Don’t call me a “female farmer”

I’m just a farmer. Not an “invisible farmer”, not a “woman in ag”, just a farmer. Being able to prime a pump and drain a sump does not make me exceptional either. Just another farmer.

I’m not sure, really, why there are so many women-in-ag groups. Their existence suggests the female form is somehow a problem when it comes to twisting wire into a figure 8 knot or developing a new plot. It’s not.

All my life, I’ve watched women farmers at work. My grandmother, mother, neighbours and friends. There’s nothing new – or second-rate – about female farmers.

Nor does being capable with my hands make me any less of a woman. I can totter in stillettos and slosh around in Skellerups. Big deal. So do thousands of other farmers.

Yet today is the International Day of Rural Women and, this week, the Melbourne Museum opened a display it says is the first official documentation of women’s contribution to Australian agriculture.

What am I missing? Why do women flock to special female-only groups and why do so few of us turn up to broader industry events?

What do you think? Are female-only ag forums important to make women feel comfortable expressing ourselves or do they simply reinforce a perception that we’re somehow not able to perform in mixed company?

I’m just not sure.

Snakeoil and women in agriculture please pass the scones

When the local dairy expo advertised it would have a “Women’s Pavilion”, I pondered the possibilities. Striptease? Baby change tables and comfy armchairs for breastfeeding mothers? A new pseudonym for toilets? Surely not!

No, the Women’s Pavilion was chock-full of arts and crafts. Crochet, quilts, preserves. Delightful yet patronising to this farmer who happens to be female and is just as interested in cattle crushes as the next man.

Now I’ve heard on the grapevine that a very high profile ag event plans a nude calendar featuring hunky farming fellas while the women’s contribution will be…recipes. If it is true and I am asked to share my favourite recipe, let’s hope they catch me on a good day.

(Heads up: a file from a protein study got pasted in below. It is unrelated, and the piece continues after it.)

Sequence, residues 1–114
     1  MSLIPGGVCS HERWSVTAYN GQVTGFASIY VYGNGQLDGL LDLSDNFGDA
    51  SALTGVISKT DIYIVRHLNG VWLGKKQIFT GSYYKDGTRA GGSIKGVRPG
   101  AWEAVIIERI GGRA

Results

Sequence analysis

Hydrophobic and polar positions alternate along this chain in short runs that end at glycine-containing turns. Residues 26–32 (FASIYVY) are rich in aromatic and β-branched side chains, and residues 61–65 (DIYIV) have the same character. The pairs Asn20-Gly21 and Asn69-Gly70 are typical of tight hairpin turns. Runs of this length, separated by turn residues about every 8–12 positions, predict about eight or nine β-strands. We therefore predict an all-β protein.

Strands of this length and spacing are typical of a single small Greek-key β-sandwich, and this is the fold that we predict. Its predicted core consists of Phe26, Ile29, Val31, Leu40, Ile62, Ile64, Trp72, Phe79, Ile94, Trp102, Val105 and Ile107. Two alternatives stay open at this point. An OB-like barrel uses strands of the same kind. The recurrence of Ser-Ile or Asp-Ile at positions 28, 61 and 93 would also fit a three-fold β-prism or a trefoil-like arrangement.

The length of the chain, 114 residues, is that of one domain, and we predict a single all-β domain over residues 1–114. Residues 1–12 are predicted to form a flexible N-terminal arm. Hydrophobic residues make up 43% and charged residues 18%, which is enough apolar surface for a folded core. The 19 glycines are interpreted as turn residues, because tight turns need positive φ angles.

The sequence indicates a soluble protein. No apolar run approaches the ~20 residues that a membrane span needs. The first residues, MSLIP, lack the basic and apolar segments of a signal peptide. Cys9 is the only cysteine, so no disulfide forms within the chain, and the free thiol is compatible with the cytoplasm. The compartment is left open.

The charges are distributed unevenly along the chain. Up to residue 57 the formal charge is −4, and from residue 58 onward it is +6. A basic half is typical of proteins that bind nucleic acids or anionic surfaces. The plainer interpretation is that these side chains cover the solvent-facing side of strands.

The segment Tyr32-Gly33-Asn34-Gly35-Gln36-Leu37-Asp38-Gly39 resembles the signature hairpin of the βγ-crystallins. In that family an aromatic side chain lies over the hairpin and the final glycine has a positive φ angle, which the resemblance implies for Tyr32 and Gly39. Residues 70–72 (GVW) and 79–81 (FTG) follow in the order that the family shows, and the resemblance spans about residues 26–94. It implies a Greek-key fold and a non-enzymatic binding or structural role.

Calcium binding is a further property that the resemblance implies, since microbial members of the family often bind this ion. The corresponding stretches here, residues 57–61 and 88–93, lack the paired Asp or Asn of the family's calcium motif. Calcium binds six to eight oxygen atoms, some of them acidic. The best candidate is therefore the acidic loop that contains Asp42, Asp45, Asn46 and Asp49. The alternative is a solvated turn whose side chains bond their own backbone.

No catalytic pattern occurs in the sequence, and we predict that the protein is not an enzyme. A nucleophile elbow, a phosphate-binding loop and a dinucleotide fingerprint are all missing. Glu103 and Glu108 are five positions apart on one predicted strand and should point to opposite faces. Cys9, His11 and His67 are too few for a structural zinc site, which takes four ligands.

Speaking of recipes, I was stopped on the side of the road by a salesperson just the other day who had the “solution” for all my farming woes. His special mix will lift our milk solids (fat and protein for the uninitiated), get every single one of our cows in calf, halt mastitis in 48 hours and even cure any mistletoe in neighbouring trees. All I have to do is put 2.5kg of the magic powder in the water trough each day. Nothing else, he was keen to stress.

I asked what was in the magic powder. He would only say that it was humic and fulvic acids, probiotics trace elements and minerals and it was devised by a man in Holland. “It’s a secret recipe,” he explained when I questioned him further. When I quizzed him on the science, he got himself confused and pulled out an abstract of a “study” that I was welcome to read there on the roadside. Said I could Google it. Thanks.

He has no literature, no website and no farmer referees either but a lot of people around here are trying it, he says. What’s more, if it doesn’t cure all my woes, he will give me my money back.

Farm consultant John Mulvany often warns dairy farmers to be wary of spending money on “herbs and spices” for their feed but this takes the whole feed additive bandwagon to new lows.

Dairy farming is highly professional these days. Labs test the soils that grow our grass, the feed that sustains our cows and the milk that they produce for optimum environmental, animal and human wellbeing. So where does snake oil like this fit into that equation? I reckon it’s the agricultural equivalent of the Tattslotto ticket. We all want to dream.